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Clinical cognitive assessment 

Clinical cognitive assessment
Clinical cognitive assessment

Christopher Kipps

and John Hodges

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date: 25 September 2021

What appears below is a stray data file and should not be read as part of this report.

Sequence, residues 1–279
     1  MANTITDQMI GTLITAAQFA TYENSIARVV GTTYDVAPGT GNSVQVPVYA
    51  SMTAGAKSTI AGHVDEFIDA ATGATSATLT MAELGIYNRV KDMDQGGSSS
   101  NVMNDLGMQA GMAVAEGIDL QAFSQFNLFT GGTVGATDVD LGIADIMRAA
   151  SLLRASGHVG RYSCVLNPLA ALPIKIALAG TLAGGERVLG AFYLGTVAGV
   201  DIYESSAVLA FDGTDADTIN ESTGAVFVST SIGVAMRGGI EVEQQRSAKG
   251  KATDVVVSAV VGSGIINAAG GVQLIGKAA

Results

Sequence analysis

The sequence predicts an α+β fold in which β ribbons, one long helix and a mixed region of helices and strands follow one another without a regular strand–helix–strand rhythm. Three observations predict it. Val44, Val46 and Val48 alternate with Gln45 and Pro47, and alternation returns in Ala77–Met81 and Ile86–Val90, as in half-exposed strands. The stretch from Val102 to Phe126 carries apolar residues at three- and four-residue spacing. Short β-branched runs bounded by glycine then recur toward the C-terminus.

Cognitive symptoms arise from the location of brain dysfunction and are not linked directly to any particular pathology. In the early stages of disease, symptoms may be non-specific, and while certain symptom clusters are commonly seen in particular disorders, atypical presentations are not infrequent. For example, in Alzheimer’s disease, patients may present with a focal language syndrome instead of the more commonly appreciated autobiographical memory disturbance despite identical pathology. In our approach to the cognitive assessment, we maintain a symptom oriented approach. This facilitates the localisation of pathology and subsequent clinical diagnosis, which may then be supplemented by associated neurological signs, imaging or other investigations.

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